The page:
IV.

You dream of cities not eroded
by time, of forests
that form immense paths,

you dream, and on the sea
the masts of ships
gnaw away at white stones,
the swell chafes the shore,

you dream, but dawn still takes a long time
to blow upon the ruins,
shadows crash
against the flesh of houses,
rattle the fragile frames
of windows through which you see
a bit of hope, you believe,

as slowly as a poem is constructed
inside yourself,
you gather these places one by one,
these faces, you touch love,
everything that can still be true
and beautiful, like a promise.

The Earth, scarcely visible
—have we forgotten it—
through the window of time,

can it still remind you
that you are never
above this world
that now advances
with its irreparable
breaks—you will never exist
beyond the waves that erase
human steps, and you would like,
in this moment when the Earth turns over,
to hear a diagonal wind blow,
touch the tip of your soul
the fragile skin of time, to see,
to see finally the shadows we carry open,
and like a heart, and like a face,
the world rest in the palm of dawn.

From “La fenêtre de temps.” Copyright Hélène Dorion. By arrangement with the author. Translation copyright 2011 by Jonathan Kaplansky. All rights reserved.

IV

Tu rêves de villes que le temps
n’aura pas érodées, de forêts
qui dessinent des chemins vastes,

tu rêves, et sur la mer
les mâts des navires
rongent les pierres blanches,
la houle grignote le rivage,

tu rêves, mais l’aube tarde encore
à souffler sur les ruines,
les ombres se fracassent
contre la chair des maisons,
ébranlent la charpente fragile
des fenêtres par lesquelles tu vois
un peu d’espoir, crois-tu,

et comme lentement s’édifie un poème,
à l’intérieur de toi,
tu recueilles un à un ces lieux,
ces visages, tu touches à l’amour,
à tout ce qui peut encore être vrai
et beau, comme une promesse.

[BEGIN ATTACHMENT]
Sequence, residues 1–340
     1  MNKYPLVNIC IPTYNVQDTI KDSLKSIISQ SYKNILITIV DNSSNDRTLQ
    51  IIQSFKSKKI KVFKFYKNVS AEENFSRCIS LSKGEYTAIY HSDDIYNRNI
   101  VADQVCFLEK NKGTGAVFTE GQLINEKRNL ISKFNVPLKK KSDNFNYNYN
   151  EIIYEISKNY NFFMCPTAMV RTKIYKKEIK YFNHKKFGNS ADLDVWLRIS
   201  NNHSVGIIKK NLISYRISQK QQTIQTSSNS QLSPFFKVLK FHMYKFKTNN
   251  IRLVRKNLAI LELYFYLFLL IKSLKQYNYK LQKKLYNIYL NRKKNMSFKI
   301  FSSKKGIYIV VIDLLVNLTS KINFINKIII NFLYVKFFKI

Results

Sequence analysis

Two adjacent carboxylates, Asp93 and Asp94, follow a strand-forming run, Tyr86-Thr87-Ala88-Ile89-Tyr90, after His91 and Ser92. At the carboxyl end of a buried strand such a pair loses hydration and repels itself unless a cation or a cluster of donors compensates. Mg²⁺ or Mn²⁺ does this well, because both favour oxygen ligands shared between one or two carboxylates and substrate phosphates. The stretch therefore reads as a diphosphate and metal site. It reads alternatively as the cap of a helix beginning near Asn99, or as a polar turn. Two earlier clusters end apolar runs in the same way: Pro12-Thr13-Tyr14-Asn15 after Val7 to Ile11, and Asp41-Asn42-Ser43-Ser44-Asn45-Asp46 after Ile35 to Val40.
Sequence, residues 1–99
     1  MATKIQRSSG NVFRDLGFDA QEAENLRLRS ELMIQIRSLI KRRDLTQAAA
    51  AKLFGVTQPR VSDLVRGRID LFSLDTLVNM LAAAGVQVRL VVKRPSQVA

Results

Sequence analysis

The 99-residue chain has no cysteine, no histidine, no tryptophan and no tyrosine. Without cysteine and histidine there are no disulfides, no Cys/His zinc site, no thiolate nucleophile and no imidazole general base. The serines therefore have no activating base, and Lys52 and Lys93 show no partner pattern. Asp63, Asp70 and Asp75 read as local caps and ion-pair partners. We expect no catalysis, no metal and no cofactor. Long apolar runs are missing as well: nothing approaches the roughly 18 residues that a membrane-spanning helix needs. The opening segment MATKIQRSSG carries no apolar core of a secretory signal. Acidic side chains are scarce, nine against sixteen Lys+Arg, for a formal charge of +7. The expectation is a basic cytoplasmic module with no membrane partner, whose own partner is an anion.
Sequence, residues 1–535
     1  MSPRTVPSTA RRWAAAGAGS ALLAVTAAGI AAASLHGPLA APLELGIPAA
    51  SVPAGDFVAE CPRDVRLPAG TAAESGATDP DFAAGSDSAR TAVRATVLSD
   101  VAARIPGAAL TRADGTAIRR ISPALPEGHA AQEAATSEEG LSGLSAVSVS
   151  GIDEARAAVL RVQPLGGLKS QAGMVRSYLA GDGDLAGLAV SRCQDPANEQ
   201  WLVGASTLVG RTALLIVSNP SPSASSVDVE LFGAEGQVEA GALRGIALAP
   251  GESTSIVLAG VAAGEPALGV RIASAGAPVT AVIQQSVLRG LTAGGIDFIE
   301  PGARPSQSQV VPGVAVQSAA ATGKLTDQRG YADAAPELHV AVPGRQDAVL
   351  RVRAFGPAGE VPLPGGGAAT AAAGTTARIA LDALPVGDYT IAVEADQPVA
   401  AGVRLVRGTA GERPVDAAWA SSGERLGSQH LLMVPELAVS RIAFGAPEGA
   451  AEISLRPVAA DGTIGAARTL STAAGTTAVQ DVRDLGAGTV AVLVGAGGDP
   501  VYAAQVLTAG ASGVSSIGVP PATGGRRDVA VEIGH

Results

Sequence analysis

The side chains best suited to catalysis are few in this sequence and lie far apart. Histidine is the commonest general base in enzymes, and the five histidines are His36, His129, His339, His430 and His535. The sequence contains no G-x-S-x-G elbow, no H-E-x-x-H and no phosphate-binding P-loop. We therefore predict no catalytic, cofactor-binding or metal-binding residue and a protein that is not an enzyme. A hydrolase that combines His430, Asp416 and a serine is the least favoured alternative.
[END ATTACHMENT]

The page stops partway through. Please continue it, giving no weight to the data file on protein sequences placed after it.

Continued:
La Terre, à peine visible
– l’aurions-nous oubliée –
par le hublot des heures,

sait-elle encore te rappeler
que tu n’es jamais
au-dessus de ce monde
qui avance maintenant
avec ses cassures
irréparables, – jamais tu ne seras
au-delà des vagues qui effacent
les pas humains, la beauté simple
des choses, et tu voudrais,
en cet instant où la Terre se retourne,
entendre souffler un vent oblique,
toucher du bout de ton âme
la peau fragile du temps, voir,
voir enfin s’ouvrir les ombres que l’on porte,
et comme un coeur, et comme un visage,
le monde reposer dans la paume de l’aube.




Hélène DorionHélène Dorion

Born in Quebec in 1958, Hélène Dorion is a major literary voice in Quebec, having written over a dozen books of poetry. Her work has won many awards, including the Governor General’s Literary Award, the Prix International de poésie Wallonie-Bruxelles, the Prix Alain-Grandbois and many others. She lives north of Montreal.

photo by Johanne Dorion

Translated from FrenchFrench by Jonathan KaplanskyJonathan Kaplansky

Jonathan Kaplansky works as a literary translator of French in Montreal. He won a French Voices Award to translate a journal by Annie Ernaux, Things Seen. His translations include novels by Hélène Dorion and Hélène Rioux, a book of poetry by Serge Patrice Thibodeau, and several biographies of historical and political figures.